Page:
Marvel Games isn’t forcing its developers to tie their video games into existing Marvel Cinematic Universe storylines. This might sound weird, given how interconnected the MCU has been over the past decade, but it’s actually a blessing in disguise.
Courtesy Marvel Games
Marvel Games creative director Bill Rosemann told IGN at DICE 2017 that the teams behind Marvel’s upcoming video game releases were granted the freedom to come up with their own storylines, and they won’t have to match release dates with upcoming films. These include: Spider-Man for PS4, Guardians of the Galaxy: The Telltale Series, Marvel vs. Capcom: Infinite, and The Avengers project from Square Enix.
“It’s a bit like we’re saying, ‘Hey you’re the chef, you’re going to make this meal. Here’s all of the ingredients. You pick the ingredients that you like and make a new meal,'” Rosemann said. “We want all of our games to tell an original, all new story.”
This is not an accident. Even though the MCU has been, on average, more successful than the DCEU, Marvel has largely sucked in the video games department. Many of their movie tie-in games were critical and commercial flops, like The Amazing Spider-Man 2 (based on the Sony film) or Thor: God of Thunder. Even when they got the original voice cast, like with 2008’s Iron Man video game, the games failed to impress.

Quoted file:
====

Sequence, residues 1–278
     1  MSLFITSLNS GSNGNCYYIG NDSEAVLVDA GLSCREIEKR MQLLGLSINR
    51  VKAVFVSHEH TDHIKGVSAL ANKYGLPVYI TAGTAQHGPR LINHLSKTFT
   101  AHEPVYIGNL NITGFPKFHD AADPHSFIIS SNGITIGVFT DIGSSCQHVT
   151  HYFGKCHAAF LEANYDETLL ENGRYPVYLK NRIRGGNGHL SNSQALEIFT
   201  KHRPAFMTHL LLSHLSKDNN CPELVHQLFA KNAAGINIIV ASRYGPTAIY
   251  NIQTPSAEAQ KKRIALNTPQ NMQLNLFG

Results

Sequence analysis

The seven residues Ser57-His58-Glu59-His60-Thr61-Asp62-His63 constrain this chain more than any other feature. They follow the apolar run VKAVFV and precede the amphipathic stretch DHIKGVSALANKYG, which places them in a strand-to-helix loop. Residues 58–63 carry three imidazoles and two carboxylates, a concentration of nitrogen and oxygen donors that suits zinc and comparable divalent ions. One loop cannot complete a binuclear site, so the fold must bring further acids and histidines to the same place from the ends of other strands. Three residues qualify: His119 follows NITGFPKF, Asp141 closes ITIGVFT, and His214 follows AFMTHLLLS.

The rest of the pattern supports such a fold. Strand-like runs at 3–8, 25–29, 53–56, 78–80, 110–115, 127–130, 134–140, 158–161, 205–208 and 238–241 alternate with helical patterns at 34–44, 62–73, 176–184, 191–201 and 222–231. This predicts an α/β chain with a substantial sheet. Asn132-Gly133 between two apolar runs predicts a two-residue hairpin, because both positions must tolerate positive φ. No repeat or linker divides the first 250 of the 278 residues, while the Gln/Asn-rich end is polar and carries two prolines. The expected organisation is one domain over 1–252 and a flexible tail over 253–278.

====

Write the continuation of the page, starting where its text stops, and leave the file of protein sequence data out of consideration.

Courtesy Warner Bros.
Batman: ArkhamInjustice: Gods Among Us,Polygon
Players have shown time and time again that they don’t want a simple recreation of a movie they have already seen. They want to see their favourite heroes in unique yet identifiable situations they can’t get anywhere else… including at the box office. It’s why Marvel’s shows on Netflix have been doing so well: They’re darker and more ethically complex than their cinematic counterparts, showing fans a different angle of something familiar. Only time will tell whether Marvel Games’ gamble will pay off (Telltale’s Guardians game will be the first test, coming out sometime this year). But hey, at least they’re taking the risk.